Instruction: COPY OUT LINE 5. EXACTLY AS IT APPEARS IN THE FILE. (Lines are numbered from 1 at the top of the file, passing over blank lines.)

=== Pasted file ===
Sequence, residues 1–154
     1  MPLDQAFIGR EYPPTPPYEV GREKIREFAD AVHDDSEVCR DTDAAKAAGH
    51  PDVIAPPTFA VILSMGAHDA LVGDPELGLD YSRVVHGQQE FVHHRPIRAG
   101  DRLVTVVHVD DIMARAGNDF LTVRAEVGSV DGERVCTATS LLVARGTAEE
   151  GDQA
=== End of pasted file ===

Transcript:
   151  GDQA